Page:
Mac Hutchison – the Mac in Mac & Brush – comes in and sits down with her tea and tells me of the moment that the three of them decided they should start their own paint company. 

“Graham, who owns the Land Rover restoration business, is my partner too. It was April 2022 and he had just hired James Black as a front of house for the garage. It helps that he is also a trained mechanic, but in his previous jobs he worked in automotive paint for more than 10 years. 

“I am a signwriter, and I had been doing some research into the various paints on offer and found that many of them are similar in makeup to paints used in the auto industry. Hard-wearing, gloss, enamel paint.

“James still had contacts that could help us develop our own paint – so we thought, ‘why not?’”

Graham takes up the story: “We were driven by cost but also the convenience of having our own product. We get through a lot of paint in the workshop if we are touching up the paintwork on vehicles, but Mac also wanted a range to use in her signwriting business.

“We trialled lots of different versions of the paint – and Mac was instrumental in that. She knew what she wanted in a decent signwriting paint. The key is coverage – you want to be able to take one stroke of the brush and not have to reload it too often to finish what you are working on. The drying time is crucial too. You want the paint to dry quickly as you will most probably be working outdoors, but you also want a decent working window where it is still wet. It thins with white spirit too so no need for any special products like some paints.”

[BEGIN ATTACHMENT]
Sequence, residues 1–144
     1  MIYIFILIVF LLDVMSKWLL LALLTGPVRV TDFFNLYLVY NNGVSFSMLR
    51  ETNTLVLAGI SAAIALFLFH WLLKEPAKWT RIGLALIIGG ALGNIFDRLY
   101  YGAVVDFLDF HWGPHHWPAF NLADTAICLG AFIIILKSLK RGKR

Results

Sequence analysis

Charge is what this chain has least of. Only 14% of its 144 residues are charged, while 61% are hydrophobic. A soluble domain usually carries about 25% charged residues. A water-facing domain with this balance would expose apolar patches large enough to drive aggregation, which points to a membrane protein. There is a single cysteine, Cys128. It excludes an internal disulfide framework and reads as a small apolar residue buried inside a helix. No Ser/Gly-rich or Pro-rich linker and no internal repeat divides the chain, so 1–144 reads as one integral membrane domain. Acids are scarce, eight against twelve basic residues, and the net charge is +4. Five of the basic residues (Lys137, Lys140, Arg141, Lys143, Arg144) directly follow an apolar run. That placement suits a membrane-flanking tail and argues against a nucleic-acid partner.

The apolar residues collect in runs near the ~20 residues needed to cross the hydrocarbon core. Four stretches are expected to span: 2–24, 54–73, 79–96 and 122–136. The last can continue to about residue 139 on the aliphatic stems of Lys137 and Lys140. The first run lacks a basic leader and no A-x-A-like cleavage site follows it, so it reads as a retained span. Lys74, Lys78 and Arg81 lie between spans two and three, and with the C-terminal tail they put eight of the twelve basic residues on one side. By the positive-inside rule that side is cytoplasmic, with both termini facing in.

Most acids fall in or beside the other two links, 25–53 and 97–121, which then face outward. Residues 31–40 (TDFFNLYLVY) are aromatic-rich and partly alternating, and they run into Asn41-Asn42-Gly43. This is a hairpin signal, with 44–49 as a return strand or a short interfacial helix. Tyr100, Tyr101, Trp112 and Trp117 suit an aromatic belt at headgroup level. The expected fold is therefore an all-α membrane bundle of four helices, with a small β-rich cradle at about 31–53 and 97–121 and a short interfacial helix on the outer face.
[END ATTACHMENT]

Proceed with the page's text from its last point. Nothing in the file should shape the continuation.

“I don’t want the paint drying on the brush either,” puts in Mac. “It takes between two and four hours to dry and 12 hours to cure properly.”

Graham continues: “Currently, our paint is made in a factory down south, but the ultimate goal is to have our own plant here, next to the garage. That way, we can have full control and maybe even employ some local people.”

“We did lots of testing to make sure it was exactly what we wanted,” says James. “We also started with a range of 30 colours, but our ambition is to do a limited edition signature range at some point in the future. For now though, the basic range allows most signwriters to be able to mix the colour they want and work from there.

“Most of the paint that signwriters use is from the US,” continues James. “It’s coming a long distance, whereas ours is made in this country. That way, we can stay competitive with the pricing. The other thing to bear in mind is that the US paint comes in 4oz and 8oz cans – that’s 118ml and 236ml. Our paint is in 125ml and 250ml cans – so you are getting a bit more paint for your money!

“We are not making huge amounts of the paint to start with, but now that we have properly launched, it’s interesting to see the buzz that has been generated around the brand.

“Currently, we sell direct, but there are a couple of art shops in Edinburgh that stock it. We also had an enquiry from a graffiti shop in the Republic of Ireland, but sadly, it’s difficult to send stock there due to the change in customs regulations brought about by Brexit.

“We are also sending samples of the paint to the painting and decorating colleges across Scotland. Signwriting is part of the curriculum, so if we can show the students how good it is, then maybe
they will continue using it throughout their careers.” 

“And why wouldn’t they?” pipes up Mac, “it’s brilliant!”

Read our interview with Mac here